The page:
The structure of p53 tumour suppressor protein reveals the basis for its functional plasticity

Authors

  • Andrei L Okorokov,

    Corresponding author
    1. Department of Pathology, Royal Free and University College Medical School, University College London, London, UK
    2. Wolfson Institute for Biomedical Research, University College London, London, UK
    • Corresponding authors: Department of Crystallography, Birkbeck College, Malet Street, London WC1E 7HX, UK. Tel.: +44 20 7631 6845; Fax: +44 20 7631 6803; E-mail: e.orlova@mail.cryst.bbk.ac.ukDepartment of Pathology, Royal Free and University College Medical School, University College London, London WCIE 6JJ, UK. Tel.: +44 20 7679 0959; Fax: +44 20 7388 4408; E-mail: a.okorokov@ucl.ac.uk

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  • Michael B Sherman,

    1. Department of Biological Sciences, Purdue University, West Lafayette, IN, USA
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    • Present address: Department of Biochemistry and Molecular Biology, University of Texas Medical Branch, Galveston, TX 77555-1055, USA
  • Celia Plisson,

    1. School of Crystallography, Birkbeck College, London, UK
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  • Vera Grinkevich,

    1. Microbiology and Tumor Biology Center, Karolinska Institutet, Stockholm, Sweden
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  • Kristmundur Sigmundsson,

    1. Department of Cell and Molecular Biology, Karolinska Institutet, Stockholm, Sweden
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  • Galina Selivanova,

    1. Microbiology and Tumor Biology Center, Karolinska Institutet, Stockholm, Sweden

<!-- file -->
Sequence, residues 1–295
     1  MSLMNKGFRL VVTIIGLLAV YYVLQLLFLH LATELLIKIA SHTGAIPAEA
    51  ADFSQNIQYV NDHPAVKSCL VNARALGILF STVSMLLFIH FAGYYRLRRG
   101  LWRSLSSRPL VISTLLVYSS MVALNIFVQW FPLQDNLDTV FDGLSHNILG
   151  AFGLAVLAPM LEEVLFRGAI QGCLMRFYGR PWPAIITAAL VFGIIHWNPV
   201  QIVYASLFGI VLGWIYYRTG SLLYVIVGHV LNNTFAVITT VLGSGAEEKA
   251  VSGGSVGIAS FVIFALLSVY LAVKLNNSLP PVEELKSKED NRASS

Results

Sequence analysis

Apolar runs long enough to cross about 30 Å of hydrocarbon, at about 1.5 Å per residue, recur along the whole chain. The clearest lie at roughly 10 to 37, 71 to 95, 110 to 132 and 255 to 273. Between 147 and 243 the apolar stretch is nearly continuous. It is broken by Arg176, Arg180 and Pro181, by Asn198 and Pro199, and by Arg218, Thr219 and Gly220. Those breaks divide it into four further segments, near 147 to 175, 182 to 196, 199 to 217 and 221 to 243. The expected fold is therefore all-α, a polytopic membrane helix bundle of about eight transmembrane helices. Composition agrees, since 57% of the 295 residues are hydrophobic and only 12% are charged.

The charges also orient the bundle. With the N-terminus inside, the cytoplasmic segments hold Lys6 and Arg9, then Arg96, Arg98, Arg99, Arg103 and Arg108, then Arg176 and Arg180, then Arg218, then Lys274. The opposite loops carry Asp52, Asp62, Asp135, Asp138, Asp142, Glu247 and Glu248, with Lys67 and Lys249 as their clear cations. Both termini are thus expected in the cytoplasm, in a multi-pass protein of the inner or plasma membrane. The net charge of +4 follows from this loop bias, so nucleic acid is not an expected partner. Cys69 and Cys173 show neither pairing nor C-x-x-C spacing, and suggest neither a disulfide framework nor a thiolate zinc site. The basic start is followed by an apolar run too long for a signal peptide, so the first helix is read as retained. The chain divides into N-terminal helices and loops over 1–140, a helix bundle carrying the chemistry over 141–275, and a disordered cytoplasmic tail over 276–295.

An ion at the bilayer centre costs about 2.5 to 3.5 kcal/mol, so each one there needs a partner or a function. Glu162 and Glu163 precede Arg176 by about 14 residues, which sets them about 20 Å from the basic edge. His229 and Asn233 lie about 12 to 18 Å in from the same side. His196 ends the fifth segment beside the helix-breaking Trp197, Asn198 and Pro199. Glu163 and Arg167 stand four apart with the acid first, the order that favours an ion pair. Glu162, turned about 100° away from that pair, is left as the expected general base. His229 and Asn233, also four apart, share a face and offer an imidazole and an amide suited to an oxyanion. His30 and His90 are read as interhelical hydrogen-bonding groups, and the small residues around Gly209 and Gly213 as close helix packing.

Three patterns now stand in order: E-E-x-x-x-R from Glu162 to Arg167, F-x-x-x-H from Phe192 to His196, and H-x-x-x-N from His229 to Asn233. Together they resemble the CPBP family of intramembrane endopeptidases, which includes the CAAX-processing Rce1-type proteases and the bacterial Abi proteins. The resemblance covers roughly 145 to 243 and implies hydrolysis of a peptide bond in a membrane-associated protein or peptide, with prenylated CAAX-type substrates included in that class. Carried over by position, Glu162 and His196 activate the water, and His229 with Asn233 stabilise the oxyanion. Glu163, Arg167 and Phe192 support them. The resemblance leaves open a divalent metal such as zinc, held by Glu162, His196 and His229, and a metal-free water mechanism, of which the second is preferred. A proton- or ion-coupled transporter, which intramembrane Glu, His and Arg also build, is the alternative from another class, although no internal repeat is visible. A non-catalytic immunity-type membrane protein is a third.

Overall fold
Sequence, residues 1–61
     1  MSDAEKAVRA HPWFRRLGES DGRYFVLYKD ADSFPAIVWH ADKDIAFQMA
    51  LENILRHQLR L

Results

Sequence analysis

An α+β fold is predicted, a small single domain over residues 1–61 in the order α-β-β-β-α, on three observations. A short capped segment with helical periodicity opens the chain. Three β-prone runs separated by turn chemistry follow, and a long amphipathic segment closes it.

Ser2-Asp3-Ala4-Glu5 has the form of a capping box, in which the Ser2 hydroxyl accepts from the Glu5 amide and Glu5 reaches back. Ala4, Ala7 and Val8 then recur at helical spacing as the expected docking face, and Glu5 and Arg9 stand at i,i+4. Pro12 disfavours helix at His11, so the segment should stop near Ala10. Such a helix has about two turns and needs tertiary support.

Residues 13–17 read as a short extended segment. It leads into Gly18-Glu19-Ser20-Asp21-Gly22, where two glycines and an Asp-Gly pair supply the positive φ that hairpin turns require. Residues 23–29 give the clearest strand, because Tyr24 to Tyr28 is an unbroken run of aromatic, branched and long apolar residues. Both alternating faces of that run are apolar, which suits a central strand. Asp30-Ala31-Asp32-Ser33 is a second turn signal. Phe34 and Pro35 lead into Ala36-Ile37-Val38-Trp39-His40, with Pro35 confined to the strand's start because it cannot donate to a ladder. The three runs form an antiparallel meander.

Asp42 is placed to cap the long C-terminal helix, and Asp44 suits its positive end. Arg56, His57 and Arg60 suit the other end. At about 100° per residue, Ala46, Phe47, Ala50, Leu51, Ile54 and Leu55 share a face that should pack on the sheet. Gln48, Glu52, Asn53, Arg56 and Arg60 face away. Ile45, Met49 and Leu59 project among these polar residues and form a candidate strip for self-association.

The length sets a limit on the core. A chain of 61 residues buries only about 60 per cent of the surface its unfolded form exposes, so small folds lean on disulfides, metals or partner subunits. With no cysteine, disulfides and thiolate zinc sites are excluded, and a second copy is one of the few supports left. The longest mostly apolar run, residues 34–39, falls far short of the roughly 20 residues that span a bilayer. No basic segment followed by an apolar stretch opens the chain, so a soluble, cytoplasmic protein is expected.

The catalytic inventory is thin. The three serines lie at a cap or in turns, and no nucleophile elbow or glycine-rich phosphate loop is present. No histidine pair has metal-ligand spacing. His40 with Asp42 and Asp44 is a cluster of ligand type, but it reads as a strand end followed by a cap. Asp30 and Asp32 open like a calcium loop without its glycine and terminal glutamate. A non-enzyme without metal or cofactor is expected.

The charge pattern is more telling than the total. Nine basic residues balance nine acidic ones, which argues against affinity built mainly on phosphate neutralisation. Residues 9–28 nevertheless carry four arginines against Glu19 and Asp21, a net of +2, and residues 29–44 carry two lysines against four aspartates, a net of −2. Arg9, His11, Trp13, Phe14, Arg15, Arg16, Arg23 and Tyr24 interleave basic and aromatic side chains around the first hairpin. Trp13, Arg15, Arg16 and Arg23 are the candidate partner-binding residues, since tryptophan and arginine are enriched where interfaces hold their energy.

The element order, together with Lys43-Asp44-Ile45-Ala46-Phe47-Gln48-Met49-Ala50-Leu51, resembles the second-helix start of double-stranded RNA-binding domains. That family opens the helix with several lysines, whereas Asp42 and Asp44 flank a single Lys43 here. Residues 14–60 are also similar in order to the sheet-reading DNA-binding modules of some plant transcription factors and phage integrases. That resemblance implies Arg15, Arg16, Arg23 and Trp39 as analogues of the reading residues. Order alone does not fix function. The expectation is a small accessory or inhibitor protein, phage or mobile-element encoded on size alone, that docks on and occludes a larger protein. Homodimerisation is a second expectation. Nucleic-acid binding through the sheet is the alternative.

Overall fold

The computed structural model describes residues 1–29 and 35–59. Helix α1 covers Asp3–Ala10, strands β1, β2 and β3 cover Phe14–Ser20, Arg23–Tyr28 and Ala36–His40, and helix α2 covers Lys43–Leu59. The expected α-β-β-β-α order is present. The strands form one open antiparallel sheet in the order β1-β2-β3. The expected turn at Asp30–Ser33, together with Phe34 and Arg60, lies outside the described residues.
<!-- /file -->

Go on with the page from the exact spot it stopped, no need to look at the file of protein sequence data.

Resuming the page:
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  • Jo Milner,

    1. YCR p53 Laboratory, Department of Biology, University of York, York, UK
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  • Elena V Orlova

    Corresponding author
    1. School of Crystallography, Birkbeck College, London, UK
    • Corresponding authors: Department of Crystallography, Birkbeck College, Malet Street, London WC1E 7HX, UK. Tel.: +44 20 7631 6845; Fax: +44 20 7631 6803; E-mail: e.orlova@mail.cryst.bbk.ac.ukDepartment of Pathology, Royal Free and University College Medical School, University College London, London WCIE 6JJ, UK. Tel.: +44 20 7679 0959; Fax: +44 20 7388 4408; E-mail: a.okorokov@ucl.ac.uk

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Abstract

p53 major tumour suppressor protein has presented a challenge for structural biology for two decades. The intact and complete p53 molecule has eluded previous attempts to obtain its structure, largely due to the intrinsic flexibility of the protein. Using ATP-stabilised p53, we have employed cryoelectron microscopy and single particle analysis to solve the first three-dimensional structure of the full-length p53 tetramer (resolution 13.7 Å). The p53 molecule is a D2 tetramer, resembling a hollow skewed cube with node-like vertices of two sizes. Four larger nodes accommodate central core domains, as was demonstrated by fitting of its X-ray structure. The p53 monomers are connected via their juxtaposed N- and C-termini within smaller N/C nodes to form dimers. The dimers form tetramers through the contacts between core nodes and N/C nodes. This structure revolutionises existing concepts of p53's molecular organisation and resolves conflicting data relating to its biochemical properties. This architecture of p53 in toto suggests novel mechanisms for structural plasticity, which enables the protein to bind variably spaced DNA target sequences, essential for p53 transactivation and tumour suppressor functions.

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